In this cycle of our research, we were interviewing the student-teacher after the lesson. During this meeting we viewed episodes from the video of the lesson and one member of the team led a discussion with the student-teacher in the spirit of stimulated-recall. This discussion was audio recorded and included the following:

Researcher       … you invite the pupils to make suggestions and recorded all the different ways, and I think ended up with four different approaches.

Heidi                Yeah.

Researcher       … is that a process that you actively try with this set, of getting lots of different ways?

Heidi                Yeah, I think because they’re, obviously, quite a bright set I’ve sort of found that I don't want to say, ‘Right, well, this is the only way you can do something,’ because I don't believe that is the case in maths.  And different people think in different ways and I do believe... I would believe more in a constructivist view of maths, and you know, I think you can discover things by yourself.  And it’s not meaningful to just learn some rules.  And, you know, if I tell them, ‘Do it this way,’ they might not remember it, they’ll remember the way that they understand and that they know and they’ve seen working in their head, kind of thing.  …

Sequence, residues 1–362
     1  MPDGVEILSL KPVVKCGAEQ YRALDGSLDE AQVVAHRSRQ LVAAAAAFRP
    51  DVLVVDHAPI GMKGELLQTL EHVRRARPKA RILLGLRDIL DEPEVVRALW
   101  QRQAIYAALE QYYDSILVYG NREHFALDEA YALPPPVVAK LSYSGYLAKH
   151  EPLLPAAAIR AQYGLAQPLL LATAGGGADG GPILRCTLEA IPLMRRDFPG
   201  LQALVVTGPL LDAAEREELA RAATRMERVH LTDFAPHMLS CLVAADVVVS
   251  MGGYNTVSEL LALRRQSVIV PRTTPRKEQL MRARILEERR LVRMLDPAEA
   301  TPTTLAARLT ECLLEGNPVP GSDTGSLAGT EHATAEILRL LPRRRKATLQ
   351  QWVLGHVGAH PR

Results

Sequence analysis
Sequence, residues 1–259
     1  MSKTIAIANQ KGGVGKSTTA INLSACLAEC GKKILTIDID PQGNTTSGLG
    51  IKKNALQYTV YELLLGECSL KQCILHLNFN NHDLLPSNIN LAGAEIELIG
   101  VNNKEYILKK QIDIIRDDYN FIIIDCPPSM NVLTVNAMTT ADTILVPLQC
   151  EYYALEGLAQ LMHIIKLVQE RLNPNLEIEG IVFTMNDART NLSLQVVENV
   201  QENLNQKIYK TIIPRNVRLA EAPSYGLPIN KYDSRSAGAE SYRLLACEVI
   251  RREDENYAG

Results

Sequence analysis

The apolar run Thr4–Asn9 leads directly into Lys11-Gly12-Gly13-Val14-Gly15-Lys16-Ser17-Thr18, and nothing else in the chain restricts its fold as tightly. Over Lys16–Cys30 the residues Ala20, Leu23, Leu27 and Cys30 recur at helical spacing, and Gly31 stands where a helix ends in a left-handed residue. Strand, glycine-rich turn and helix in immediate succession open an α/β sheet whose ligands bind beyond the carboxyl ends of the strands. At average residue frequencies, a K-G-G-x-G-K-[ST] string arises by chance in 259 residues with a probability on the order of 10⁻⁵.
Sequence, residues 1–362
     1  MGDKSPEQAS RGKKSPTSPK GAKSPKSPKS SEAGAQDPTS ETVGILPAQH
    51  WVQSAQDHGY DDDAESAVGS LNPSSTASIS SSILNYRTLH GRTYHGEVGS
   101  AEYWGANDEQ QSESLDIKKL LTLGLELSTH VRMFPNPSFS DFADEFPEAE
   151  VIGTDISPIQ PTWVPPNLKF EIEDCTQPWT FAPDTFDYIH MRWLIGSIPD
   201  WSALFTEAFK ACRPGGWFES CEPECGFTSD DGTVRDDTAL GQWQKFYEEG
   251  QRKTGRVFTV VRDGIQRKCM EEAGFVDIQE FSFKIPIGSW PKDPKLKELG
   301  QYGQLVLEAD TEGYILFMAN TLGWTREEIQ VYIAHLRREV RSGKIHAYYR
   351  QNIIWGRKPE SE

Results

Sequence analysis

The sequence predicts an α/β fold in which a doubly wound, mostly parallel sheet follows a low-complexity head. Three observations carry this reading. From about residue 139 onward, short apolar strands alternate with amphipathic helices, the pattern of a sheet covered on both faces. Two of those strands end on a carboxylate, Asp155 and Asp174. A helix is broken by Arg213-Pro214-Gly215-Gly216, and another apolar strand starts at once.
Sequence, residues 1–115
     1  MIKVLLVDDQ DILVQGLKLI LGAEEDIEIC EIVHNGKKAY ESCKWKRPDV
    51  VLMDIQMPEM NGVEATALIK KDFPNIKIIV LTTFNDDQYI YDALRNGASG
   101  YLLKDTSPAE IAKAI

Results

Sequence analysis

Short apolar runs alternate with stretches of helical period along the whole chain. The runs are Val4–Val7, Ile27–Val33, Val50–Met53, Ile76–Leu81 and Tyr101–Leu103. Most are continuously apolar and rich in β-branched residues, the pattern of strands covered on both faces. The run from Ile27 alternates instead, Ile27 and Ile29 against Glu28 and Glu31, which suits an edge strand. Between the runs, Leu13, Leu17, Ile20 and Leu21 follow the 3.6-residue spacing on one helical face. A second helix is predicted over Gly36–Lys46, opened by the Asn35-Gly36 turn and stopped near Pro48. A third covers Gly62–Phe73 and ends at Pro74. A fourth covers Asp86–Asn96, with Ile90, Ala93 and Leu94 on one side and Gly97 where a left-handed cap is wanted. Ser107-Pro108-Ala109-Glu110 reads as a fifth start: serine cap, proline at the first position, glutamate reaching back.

A later part of the interview included:

Researcher       ... my rich aunt, you ended up with four methods ... and you highlighted one of those, the decimal one, where they were multiplying by 1.05... and said ‘It’s a quick way.’ … I just wondered why you highlighted that?